How Children Use Active Videogames and the Association Between Screen Time and Physical Activity.
Item Type:Journal Article
Citation:Forde C, Hussey J, How Children Use Active Videogames and the Association Between Screen Time and Physical Activity., Games for health journal, 4, 4, 2015, 312-7
How children use active videogames.pdf (PDF) 92.94Kb
Objective: The energy required to play active videogames (AVGs) has been reported on in the literature;however, little is known about how children use such games in their home environment. The aim of this study was to investigate children’s use of AVGs and the association among AVG use, other screen-based activities,and physical activity levels. Materials and Methods: Eight hundred and twenty children 12.1 (0.6) years of age participated. Physical activity levels, sedentary screen-based activities, and AVG use were investigated. Differences across genders and deprivation indices were also analyzed. Results: Fifty-eight percent of children met minimal physical activity guidelines. Forty-seven percent of children exceeded screen time recommendations. Of those who had access to AVGs, more children played sedentary games (or active games in a sedentary manner [68 percent]) than active games (55 percent) on AVG consoles. Furthermore, sedentary games were played for longer than active games. AVG play was positively correlated with reported time spent watching television (P=0.02). Conclusions: In free-living conditions AVG consoles are being used by more children and for longer duration as sedentary screen-based devices rather than active screen-based devices.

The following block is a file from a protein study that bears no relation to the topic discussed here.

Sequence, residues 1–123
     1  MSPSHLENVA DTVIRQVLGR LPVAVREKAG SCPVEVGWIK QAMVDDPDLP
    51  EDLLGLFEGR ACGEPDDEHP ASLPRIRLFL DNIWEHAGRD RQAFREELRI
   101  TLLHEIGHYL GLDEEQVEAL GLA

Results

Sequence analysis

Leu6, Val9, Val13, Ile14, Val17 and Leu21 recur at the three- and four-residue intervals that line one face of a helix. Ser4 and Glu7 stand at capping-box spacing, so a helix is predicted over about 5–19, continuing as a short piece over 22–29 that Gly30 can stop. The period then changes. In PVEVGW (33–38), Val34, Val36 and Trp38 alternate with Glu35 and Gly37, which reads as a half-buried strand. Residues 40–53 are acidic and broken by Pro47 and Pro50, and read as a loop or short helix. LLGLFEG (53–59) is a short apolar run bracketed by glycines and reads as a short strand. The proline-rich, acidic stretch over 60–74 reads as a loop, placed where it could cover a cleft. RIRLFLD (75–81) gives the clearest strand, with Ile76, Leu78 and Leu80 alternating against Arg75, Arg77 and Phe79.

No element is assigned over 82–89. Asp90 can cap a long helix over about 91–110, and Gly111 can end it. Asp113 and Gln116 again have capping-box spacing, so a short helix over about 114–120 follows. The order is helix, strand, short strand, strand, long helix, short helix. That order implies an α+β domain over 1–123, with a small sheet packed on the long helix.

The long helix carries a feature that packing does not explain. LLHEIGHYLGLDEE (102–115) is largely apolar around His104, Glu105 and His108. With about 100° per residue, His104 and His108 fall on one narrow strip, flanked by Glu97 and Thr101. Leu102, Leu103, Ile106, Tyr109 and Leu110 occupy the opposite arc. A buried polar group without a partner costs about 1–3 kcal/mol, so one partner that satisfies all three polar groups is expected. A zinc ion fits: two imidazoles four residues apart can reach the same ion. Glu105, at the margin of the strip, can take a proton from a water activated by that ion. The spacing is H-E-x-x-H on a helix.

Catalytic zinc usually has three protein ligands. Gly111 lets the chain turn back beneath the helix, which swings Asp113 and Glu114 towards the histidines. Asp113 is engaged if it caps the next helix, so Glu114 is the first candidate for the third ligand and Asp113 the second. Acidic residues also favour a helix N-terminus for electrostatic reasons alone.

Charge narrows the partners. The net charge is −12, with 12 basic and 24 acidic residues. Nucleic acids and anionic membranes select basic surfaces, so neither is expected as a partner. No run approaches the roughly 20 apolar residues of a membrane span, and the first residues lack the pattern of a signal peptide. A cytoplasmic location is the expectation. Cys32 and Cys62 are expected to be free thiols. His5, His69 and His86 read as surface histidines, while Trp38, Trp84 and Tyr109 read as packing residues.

Type of material:Journal Article
Series/Report no:Games for health journal
Availability:Full text available